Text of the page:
Many will remember her as a political writer, but focusing on that aspect of her work deprives the reader of that other dimension that is far more crucial: the everyday, the deeply personal and intimate, those small moments in life when everything changes, not only under the pressure of the powers that be, but from within the human soul.

Nadine Gordimer changed my life. One of her short stories triggered my interest in South African literature. Her other short stories inspired me to write my own. She was an incisive essayist with the power to enrich our understanding of the world. I learned so much about literature, the human heart, South Africa and beyond through her writing. None to Accompany Me helped me figure out what kind of woman I wanted to be. I spent six intense years reading Gordimer’s work and its criticism for my doctoral thesis and I did not regret my choice of topic for a single day. I return to her work with eagerness and pleasure since then.

I was a green PhD student from a small English Department at an Austrian university when I dared to send her a letter, asking for an interview. I did not raise my expectations too high, but not long after my visit to the post office my father’s fax machine spit out a positive reply, setting the date. She was generous that way. And she was kind to me despite my inexperience and clumsiness when I arrived at her doorstep a decade ago with a faulty recorder and trembling hands. We spoke for an hour about her work and South Africa and she made me feel welcome.

Small of stature, her presence towered in every room. Always elegant, she was a beautiful woman, even in her eighties. That too I found truly inspiring. Before I left her home that first time she told me to read Wally Mongane Serote. I still do. His Revelations (2011) is one of my favourite novels. She would recommend other authors or artists on every subsequent occasion we met (the highly talented Thando Mgqolozana and Craig Higginson during our last interview in 2011). Always eager to bestow praise where it was due, throughout her career she had supported countless others on their artistic journeys.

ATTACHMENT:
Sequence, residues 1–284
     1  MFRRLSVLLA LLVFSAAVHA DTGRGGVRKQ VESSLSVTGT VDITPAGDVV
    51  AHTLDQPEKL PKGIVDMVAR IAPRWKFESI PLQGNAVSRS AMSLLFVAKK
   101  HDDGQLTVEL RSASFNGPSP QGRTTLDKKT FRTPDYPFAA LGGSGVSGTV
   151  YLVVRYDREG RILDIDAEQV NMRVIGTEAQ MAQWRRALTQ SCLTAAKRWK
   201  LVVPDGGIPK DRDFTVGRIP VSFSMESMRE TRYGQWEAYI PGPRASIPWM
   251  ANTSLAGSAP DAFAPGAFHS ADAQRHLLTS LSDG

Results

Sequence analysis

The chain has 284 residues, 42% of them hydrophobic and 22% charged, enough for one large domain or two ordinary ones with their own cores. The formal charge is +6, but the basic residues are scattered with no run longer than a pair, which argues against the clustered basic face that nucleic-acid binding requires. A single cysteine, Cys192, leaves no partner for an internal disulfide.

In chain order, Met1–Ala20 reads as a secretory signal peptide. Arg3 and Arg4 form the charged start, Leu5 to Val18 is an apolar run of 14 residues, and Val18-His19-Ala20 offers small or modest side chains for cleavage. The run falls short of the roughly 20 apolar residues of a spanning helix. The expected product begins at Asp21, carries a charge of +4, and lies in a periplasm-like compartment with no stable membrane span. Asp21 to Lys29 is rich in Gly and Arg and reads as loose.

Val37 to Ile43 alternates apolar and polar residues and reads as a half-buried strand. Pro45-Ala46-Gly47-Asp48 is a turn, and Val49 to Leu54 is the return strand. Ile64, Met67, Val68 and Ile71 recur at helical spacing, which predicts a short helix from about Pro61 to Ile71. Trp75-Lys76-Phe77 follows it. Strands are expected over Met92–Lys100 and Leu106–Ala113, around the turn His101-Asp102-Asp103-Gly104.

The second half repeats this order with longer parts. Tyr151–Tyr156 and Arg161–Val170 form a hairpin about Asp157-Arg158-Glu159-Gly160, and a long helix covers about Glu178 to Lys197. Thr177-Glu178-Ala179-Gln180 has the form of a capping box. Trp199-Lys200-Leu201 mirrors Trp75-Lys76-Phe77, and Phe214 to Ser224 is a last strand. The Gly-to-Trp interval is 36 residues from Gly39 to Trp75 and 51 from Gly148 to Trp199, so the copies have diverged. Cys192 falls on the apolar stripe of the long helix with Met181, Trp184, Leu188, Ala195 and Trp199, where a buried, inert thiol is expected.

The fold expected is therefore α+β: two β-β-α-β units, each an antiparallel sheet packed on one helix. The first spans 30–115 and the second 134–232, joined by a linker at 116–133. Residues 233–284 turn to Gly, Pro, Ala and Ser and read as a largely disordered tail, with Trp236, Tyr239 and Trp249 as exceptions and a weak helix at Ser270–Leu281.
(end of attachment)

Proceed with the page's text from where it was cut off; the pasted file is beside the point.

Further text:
Some readers find her work stylistically too experimental and inaccessible. The mark of every great writer is to push boundaries, to find their own voice, not to be afraid to make mistakes. To follow them on their path is not always easy, but in the case of such a master of rhythm and expression as Gordimer, the effort is nearly always rewarded with deeper appreciation of what she is trying to communicate. Hidden layers of meaning are revealed and add delight to our reading experience. Like the writer in her poignant short story "Loot" (Loot and Other Stories, 2003), she "knows something no-one else knows; the sea-change of the imagination".